ISSF Report Finds Global Tuna Stock Abundance Getting Worse

Home Fisheries ISSF Report Finds Global Tuna Stock Abundance Getting Worse
ISSF Report Finds Global Tuna Stock Abundance Getting Worse

The recently released International Seafood Sustainability Foundation’s (ISSF) “Status of the Stocks” report found the world’s commercial tuna catch is increasingly being sourced from stocks that are not at healthy levels of abundance.

This twice-yearly report by the ISSF – a global coalition including seafood industry members and scientific and environmental organizations that promote science-based initiatives for long-term ocean health – provides the results for the most-recent scientific assessments of 23 separate stocks of major commercial tuna species. The stocks include six albacore, four bigeye, four bluefin, five skipjack, and four yellowfin tuna species.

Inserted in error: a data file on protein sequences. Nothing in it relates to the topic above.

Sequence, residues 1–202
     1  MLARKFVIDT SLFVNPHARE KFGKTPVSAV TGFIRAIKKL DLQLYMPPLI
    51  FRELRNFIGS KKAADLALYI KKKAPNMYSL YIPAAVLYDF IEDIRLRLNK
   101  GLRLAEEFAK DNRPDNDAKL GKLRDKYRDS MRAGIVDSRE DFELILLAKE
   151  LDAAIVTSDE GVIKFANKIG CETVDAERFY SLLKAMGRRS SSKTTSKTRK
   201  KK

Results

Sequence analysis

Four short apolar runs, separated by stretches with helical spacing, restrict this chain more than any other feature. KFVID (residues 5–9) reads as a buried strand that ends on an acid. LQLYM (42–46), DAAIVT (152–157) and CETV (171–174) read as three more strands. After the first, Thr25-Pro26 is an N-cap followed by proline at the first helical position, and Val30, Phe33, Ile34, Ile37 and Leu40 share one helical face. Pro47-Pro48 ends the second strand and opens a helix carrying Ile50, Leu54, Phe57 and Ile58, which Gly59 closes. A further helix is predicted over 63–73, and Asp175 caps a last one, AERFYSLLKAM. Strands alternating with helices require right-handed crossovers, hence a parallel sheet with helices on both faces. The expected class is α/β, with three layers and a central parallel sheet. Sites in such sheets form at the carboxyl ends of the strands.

The report found a decrease in the overall percentage of catch taken from species with healthy levels of abundance; the percentage decreased from 87.7 percent in the September 2021 report to 80.5 percent in the March 2022 report. Of the remaining 19.5 percent, 9.2 percent of the catch came from overfished stocks and 10.3 percent came from stocks at an intermediate level of abundance. The report attributes this reduction to a change in the Eastern Pacific skipjack stock – which represents around 6 percent of the global tuna catch – which has been downgraded from a green to yellow rating.

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